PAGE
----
There will be significant positive economic impact of this megaproject. In addition to its obvious benefits for the businesses owned by Prime Minister Nawaz Sharif's family, there will be thousands of new jobs created for ordinary Pakistanis during construction and later to operate the system. It will help stimulate Pakistan's stalling economy.

Japan's Interest:

Japan's commercial interest in Pakistan has recently been validated by JETRO survey of Japanese companies doing business in the country. It indicated that Japanese companies have "strong intentions to expand their business for the reasons of “sales increase” and “high growth potential.” in Pakistan. Clearly, the Japanese see significant future potential in Pakistan to increase their economic footprint in the emerging growth market.

Current Status:

The city and the provincial governments have already begun to remove squatters in and around the existing KCR track to begin new construction. Each of the estimated 5,000 affected families is being promised an 80-square-yard newly built home. The Japan International Cooperation Agency (JICA) is providing financial assistance for the resettlement project, while the KUTC will give an additional Rs 50,000 in financial aid to each affected family, according to a news report.

Future Concerns:

One of the key concerns is how will the system be managed after the first two years of operation by the turn-key contractors? Will it suffer the same horrible fate as the previous public transport systems have in Karachi? Will it be used to hire political cronies of the ruling politicians? Will it be headed by incompetent and corrupt managers hand-picked by politicians? If the politicians are serious about ensuring a well-run mass transit system in Karachi, they will need to take a page from the Delhi Metro Rail Corp (DMRC) system in India.  It is being run very well by an independent professional management team without political interference in its day to day hiring, firing and other management decisions.


It is certainly welcome news that Karachi, the world's fastest growing megacity, will finally have a mass transit system that its residents need and deserve. Let's hope this time it's for real.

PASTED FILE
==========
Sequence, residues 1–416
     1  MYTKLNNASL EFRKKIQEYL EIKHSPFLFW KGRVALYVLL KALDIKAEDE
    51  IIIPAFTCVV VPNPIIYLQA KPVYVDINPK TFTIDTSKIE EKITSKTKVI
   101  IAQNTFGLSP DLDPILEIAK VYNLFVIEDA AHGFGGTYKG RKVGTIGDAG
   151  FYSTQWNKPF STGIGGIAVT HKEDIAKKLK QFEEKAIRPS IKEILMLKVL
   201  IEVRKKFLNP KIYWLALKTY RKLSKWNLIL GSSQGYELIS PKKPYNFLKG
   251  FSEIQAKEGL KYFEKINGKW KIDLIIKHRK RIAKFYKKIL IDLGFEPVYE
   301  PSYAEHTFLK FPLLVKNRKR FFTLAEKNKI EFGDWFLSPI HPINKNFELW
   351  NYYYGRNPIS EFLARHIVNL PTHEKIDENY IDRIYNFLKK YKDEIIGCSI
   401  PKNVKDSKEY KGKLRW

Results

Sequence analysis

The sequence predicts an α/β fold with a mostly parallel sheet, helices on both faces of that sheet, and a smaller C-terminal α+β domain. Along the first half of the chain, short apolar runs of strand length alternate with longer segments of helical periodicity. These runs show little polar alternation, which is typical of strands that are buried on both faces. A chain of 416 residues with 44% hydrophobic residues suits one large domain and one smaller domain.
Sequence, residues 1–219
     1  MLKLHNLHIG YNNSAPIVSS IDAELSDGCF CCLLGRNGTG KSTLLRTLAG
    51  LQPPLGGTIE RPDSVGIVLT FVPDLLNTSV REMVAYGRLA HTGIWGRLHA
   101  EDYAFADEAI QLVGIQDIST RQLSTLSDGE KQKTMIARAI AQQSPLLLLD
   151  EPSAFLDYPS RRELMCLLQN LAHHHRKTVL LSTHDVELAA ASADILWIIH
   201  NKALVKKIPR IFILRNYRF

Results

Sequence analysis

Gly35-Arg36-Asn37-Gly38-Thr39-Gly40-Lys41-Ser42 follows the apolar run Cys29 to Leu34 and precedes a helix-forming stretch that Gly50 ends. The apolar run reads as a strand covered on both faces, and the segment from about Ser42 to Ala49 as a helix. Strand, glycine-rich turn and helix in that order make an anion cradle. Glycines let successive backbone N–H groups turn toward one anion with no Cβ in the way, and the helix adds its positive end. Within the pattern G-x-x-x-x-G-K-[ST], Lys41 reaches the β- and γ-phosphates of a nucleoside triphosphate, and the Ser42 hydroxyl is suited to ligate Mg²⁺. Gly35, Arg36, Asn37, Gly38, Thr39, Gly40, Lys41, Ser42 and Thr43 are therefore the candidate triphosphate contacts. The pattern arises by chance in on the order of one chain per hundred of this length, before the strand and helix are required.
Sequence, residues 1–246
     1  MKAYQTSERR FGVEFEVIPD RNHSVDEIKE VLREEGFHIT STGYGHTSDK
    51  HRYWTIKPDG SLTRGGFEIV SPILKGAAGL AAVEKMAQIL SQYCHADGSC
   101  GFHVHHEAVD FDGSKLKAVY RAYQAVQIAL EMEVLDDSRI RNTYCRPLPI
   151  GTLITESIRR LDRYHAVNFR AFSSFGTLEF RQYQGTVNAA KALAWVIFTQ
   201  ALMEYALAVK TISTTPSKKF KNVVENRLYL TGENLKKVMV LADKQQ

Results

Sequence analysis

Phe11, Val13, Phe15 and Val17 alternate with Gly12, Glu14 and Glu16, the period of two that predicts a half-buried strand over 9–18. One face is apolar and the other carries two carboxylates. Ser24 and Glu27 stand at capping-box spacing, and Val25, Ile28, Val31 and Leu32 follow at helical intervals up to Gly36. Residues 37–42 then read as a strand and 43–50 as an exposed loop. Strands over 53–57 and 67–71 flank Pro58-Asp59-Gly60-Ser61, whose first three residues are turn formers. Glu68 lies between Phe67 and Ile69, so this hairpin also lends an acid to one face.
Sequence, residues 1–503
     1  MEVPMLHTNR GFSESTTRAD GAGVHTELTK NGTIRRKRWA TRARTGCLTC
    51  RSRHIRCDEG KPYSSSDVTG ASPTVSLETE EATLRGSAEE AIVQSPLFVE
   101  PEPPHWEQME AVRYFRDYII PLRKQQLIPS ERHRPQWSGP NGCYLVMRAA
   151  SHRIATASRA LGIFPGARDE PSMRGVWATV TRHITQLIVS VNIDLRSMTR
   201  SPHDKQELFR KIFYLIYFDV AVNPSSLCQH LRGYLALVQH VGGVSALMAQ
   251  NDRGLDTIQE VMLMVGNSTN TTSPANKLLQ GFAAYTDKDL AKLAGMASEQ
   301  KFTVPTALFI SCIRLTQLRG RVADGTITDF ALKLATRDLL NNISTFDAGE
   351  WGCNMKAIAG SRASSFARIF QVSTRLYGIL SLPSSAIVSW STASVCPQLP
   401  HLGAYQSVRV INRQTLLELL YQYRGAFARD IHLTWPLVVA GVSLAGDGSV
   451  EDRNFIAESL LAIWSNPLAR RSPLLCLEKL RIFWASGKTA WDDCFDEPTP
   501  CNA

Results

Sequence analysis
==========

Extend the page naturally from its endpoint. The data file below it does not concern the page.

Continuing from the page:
Related Links:

Haq's Musings

Saving PIA, Railway and Education

Politics of Patronage in Pakistan

Incompetence Worse Than Corruption in Pakistan

JETRO 2013 Survey of Pakistan

Pakistan on Goldman's Growth Map

Karachi is World's Fastest Growing Megacity


Ashraf said...

they must be dreaming. In my lifetime?

Riaz Haq said...

Ashraf: "they must be dreaming. In my lifetime?"

It's been going on since 2005...hope it's real this time. Things appear to have finally lined up.

Riaz Haq said...

ADB to assist in funding a Bus Rapid Transit (BRT) System in Karachi, according to Dawn:

The Asian Development Bank has agreed to assist Pakistan to develop a sustainable urban transport service in Karachi through the delivery of a bus rapid transit corridor focusing on accessibility and people’s mobility, and decided to send a mission to appraise the project, it emerged on Thursday.

According to the bank, a fact-finding mission will spend the whole month of May 2015 in Karachi to initiate the project design, while the project will come for the review in the first week of July 2015 before the ADB executive board takes it up and approves financing. The ADB has approved $9.25 million for the feasibility study.

The United Nations Development Programme will participate in project designing, mainly through stakeholder engagement process and inclusive infrastructure design which includes technical design and inputs from future users.